The resignation of Congressman Tom DeLay (R TX-22) caused a nice buzz throughout the blogosphere. The right was screaming "politics of personal destruction" and the left just applauded - loudly, and I was among them.
DeLay's resignation came on the heels of two former aides, Tony Rudy and Michael Scanlon, pleading guilty to charges stemming from the Jack Abramoff corruption scandal. One can only wonder about the timing.
Arianna Huffington suggests following the money. Under US federal election rules DeLay can convert his campaign funds to cover his legal expenses.
Take note: as of February 15th, DeLay had close to $1.3 million squirreled away in his campaign war chest -- 1.3 million reasons for moving out of the House sooner than later.And given the guilty pleas of two former aides, he's probably going to need every penny.
DeLay denies any wrongdoing, of course. Digby has a transcript of DeLay's interview with CNN's Wolf Blitzer which will leave your head shaking. Batshit crazy is a mild description of DeLay's comments. One thing we find out for sure is that DeLay really likes golf.
However, resigning may not be that easy. Nevermind the stealing of a campaign war-chest of $1.3 million from whichever other Republican will now run in his place in Texas' 22nd District. DeLay has already won his primary and IS the Republican candidate for that district. Majikthise has collected the questions as to what happens now. DeLay is on the ballot and there is some suggestion that he just can't drop out.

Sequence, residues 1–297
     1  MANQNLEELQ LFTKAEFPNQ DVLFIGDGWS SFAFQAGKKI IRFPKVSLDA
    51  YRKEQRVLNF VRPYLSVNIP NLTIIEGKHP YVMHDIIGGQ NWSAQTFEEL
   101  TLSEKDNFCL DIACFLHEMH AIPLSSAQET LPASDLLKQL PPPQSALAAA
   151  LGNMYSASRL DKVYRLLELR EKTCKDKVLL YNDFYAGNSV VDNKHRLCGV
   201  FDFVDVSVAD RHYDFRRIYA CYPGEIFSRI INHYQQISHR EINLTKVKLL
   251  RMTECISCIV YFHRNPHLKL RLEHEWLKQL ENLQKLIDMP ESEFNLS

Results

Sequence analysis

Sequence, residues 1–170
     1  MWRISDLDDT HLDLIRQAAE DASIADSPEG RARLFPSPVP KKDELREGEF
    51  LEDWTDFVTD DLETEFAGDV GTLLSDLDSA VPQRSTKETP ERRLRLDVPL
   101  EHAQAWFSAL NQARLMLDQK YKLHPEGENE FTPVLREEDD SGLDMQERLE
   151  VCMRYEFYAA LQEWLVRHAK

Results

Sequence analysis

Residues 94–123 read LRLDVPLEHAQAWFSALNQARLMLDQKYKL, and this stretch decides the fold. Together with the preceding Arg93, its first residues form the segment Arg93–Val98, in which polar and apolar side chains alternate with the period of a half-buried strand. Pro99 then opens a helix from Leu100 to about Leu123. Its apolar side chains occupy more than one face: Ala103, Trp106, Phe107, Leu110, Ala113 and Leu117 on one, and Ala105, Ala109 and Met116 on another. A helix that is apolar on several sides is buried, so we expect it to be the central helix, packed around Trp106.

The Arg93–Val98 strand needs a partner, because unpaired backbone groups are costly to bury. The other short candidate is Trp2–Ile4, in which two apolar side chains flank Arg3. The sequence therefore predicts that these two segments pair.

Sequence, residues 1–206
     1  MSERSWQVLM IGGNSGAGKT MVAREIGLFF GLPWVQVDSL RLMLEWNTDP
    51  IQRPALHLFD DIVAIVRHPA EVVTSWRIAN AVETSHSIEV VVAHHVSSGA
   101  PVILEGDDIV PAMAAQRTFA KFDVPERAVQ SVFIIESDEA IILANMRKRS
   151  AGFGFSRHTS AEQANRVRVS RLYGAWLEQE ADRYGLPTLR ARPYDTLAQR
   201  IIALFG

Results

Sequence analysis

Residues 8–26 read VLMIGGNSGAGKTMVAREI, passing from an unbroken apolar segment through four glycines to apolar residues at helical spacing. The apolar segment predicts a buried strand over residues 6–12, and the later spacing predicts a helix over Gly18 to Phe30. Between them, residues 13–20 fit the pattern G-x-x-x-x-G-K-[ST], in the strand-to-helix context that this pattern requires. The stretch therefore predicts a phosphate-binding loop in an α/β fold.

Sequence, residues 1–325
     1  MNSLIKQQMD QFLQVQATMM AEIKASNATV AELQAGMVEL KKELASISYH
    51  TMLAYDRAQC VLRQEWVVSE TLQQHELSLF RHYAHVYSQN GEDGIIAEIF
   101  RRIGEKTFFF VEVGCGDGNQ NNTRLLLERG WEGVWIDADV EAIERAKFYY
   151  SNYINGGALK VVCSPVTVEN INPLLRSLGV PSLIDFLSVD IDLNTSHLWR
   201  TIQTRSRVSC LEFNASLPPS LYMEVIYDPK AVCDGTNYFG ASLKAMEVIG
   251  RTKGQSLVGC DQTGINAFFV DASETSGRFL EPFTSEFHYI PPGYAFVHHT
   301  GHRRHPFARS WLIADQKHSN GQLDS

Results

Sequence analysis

Because he has already won the Republican primary, he can't simply drop out or the Republicans will have no candidate. So he has to be disqualified. "To be disqualified he must die, be convicted of a felony or move out of the state." Although DeLay may very well be convicted of a felony before November, his apparent plan is to pull up stakes and move to Virginia. He will retire from Congress sometime in late May or mid-June.However, this from SSP makes it look like, after all rocks are turned over and the definitions are thrashed out, he may be able to withdraw and allow another candidate to run. Believe it or not, even the administrators of the Texas State Election Code couldn't answer the question until they reviewed the law.
A Special Election would cause untold problems. Special Elections, to fill a vacated seat, require that the winner achieve a clear majority. A plurality only applies to General Elections. Nick Lampson, the Democrat running in TX-22, could be faced with enough of a three-way race to prevent a victory in a first round of voting. Under this scenario, Lampson could end up having to face the voters three times between July and November.
Perhaps that's what DeLay had in mind. Or maybe he just wanted the $1.3 million.